While most travelers may prefer to take the clean and efficient BTS Skytrain or MRT Subway to get around Bangkok, these systems obviously don’t reach many parts of the city. The BRT bus which started running in 2010 is also a limited section of the city. General public buses, however, are abundant and cover a lot of ground. They may seem intimidating at first as most have no indication whatsoever of where they are going — not in English anyway. You will see only a number. Here’s what you need to know.
Bus stops are clearly marked and you need only wave your ride down, assuming it isn’t already stopping at your stop. Just hop on board and find a seat if one is available. Otherwise it’s standing room only. The usual warning of keeping track of wallets, pocket contents and other belongings applies. As you approach your stop, pull the yellow cord or find the stop button along the windows or hand rail; drivers won’t stop unless they are instructed to or they see someone waiting at an approaching bus stop.
Fares depend on distance traveled, and an attendant with a metal tube-shaped case full of coins and bills will come around and collect, giving you a ripped ticket as a receipt. Fares can be as low as about 7 or 8 baht and go up to about 20. Air-conditioned buses charge more than those without. You’ll recognize those pretty easily — they have their windows closed. The rest of the buses keep ‘em wide open unless it’s raining. On really bad pollution days, this can be rather unpleasant to some.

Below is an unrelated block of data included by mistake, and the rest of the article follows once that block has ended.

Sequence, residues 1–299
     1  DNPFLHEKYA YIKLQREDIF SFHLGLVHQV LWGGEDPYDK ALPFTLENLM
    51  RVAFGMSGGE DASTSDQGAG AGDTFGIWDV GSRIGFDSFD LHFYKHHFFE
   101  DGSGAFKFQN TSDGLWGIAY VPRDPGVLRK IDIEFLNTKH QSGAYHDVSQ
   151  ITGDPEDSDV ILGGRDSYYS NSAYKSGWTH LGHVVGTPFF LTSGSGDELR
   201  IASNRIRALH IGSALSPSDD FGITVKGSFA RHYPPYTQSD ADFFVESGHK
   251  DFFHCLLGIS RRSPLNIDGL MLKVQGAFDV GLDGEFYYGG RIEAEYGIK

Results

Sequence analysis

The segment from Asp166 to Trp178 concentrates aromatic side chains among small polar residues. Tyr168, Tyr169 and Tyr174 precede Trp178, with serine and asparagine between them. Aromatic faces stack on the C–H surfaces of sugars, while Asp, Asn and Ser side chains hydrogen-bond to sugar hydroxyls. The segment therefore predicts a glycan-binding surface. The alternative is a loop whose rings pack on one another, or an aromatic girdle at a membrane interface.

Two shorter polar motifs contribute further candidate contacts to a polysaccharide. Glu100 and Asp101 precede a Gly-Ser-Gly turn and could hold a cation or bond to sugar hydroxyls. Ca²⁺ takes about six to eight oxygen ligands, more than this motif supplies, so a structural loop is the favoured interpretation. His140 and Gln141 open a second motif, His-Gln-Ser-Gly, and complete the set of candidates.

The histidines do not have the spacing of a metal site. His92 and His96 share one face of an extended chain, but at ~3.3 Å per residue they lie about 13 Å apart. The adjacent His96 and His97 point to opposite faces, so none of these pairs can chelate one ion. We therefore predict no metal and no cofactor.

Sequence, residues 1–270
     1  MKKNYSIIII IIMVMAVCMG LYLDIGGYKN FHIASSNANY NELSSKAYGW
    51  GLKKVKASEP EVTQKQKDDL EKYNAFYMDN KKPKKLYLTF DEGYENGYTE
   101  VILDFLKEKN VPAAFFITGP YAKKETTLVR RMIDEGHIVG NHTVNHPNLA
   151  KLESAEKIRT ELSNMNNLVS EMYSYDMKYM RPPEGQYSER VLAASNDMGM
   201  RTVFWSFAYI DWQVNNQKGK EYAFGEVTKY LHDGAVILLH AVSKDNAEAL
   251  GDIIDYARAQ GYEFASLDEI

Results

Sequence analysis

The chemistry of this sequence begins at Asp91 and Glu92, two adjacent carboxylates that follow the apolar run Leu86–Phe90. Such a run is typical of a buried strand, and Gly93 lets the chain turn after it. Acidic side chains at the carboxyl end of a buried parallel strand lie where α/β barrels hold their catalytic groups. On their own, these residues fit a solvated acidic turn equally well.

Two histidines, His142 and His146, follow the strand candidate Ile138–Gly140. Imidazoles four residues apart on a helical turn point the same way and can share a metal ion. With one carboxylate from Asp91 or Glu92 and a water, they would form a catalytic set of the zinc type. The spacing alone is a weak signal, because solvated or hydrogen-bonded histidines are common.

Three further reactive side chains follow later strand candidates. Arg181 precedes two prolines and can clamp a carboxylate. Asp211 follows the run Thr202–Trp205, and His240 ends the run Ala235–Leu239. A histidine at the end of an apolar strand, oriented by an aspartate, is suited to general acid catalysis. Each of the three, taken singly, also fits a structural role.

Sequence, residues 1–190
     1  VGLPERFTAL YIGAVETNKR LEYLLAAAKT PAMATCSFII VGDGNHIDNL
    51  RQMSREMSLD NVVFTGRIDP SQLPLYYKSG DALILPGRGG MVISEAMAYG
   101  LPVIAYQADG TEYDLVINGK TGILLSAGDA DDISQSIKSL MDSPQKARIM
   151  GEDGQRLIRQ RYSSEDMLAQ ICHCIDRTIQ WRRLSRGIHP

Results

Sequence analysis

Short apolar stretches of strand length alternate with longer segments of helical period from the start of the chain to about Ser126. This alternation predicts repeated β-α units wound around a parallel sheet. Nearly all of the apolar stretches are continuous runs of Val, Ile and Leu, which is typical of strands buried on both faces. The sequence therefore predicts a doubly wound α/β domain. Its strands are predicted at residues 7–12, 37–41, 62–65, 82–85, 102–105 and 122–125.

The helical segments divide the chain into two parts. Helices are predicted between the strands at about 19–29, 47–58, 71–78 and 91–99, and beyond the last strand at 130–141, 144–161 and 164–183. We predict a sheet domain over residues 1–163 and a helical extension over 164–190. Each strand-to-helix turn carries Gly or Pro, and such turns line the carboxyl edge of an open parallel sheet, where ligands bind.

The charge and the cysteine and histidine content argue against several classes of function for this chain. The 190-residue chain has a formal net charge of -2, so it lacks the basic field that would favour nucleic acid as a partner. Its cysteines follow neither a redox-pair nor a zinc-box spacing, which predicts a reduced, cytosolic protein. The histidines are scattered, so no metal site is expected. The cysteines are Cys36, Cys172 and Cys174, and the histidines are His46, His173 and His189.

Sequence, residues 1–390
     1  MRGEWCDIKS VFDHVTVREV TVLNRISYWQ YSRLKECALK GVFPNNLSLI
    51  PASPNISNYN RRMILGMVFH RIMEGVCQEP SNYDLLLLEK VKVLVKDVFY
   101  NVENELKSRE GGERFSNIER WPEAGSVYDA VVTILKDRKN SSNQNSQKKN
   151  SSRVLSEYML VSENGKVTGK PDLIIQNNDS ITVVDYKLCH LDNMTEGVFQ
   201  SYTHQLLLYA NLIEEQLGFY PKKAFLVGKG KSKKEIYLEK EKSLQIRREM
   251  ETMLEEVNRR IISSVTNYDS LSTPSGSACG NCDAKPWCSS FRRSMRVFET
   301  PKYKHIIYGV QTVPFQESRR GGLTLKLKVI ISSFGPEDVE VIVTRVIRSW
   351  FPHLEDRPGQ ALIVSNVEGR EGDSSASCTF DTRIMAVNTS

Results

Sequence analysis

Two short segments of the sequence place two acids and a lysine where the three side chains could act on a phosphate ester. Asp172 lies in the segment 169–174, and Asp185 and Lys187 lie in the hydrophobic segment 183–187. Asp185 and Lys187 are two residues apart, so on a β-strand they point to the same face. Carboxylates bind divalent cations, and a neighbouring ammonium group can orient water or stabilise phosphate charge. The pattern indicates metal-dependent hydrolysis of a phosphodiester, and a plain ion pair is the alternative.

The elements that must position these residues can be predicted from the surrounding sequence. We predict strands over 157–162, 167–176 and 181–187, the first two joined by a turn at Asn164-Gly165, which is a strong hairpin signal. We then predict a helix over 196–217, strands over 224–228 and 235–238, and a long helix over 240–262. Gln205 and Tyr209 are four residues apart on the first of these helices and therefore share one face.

Be aware that there are also free buses in Bangkok.
The most difficult thing about public bus travel in Bangkok is finding the right bus. Some tourist sites list passing bus routes on their websites. But if you can find your destination on a map, you can easily look up the route number — and even the availability of air-conditioned buses — on some online Bangkok bus maps from Thaiways Magazine.
Warning: some buses, even buses you “know” are the right route number, may be express versions of that particular route. Those buses will leave the mapped route to use one of the city’s expressways to skip to the far end of the route. This is tricky for those who can’t read Thai. Look for a yellow sign in the bottom corner of the windshield opposite the driver – it reads ทางด่วน. Also you can ask a passenger or the attendant on the bus: “Kuhn tahng-duon my?” Is this bus going up on the expressway? (“Chai” = yes; “mai” = no) And if you screw up, remember this is an adventure when you get off at the next stop and look for the same bus going back the other direction.
Learn about the Skytrain, Subway and special BRT bus
All photos by Kevin Revolinski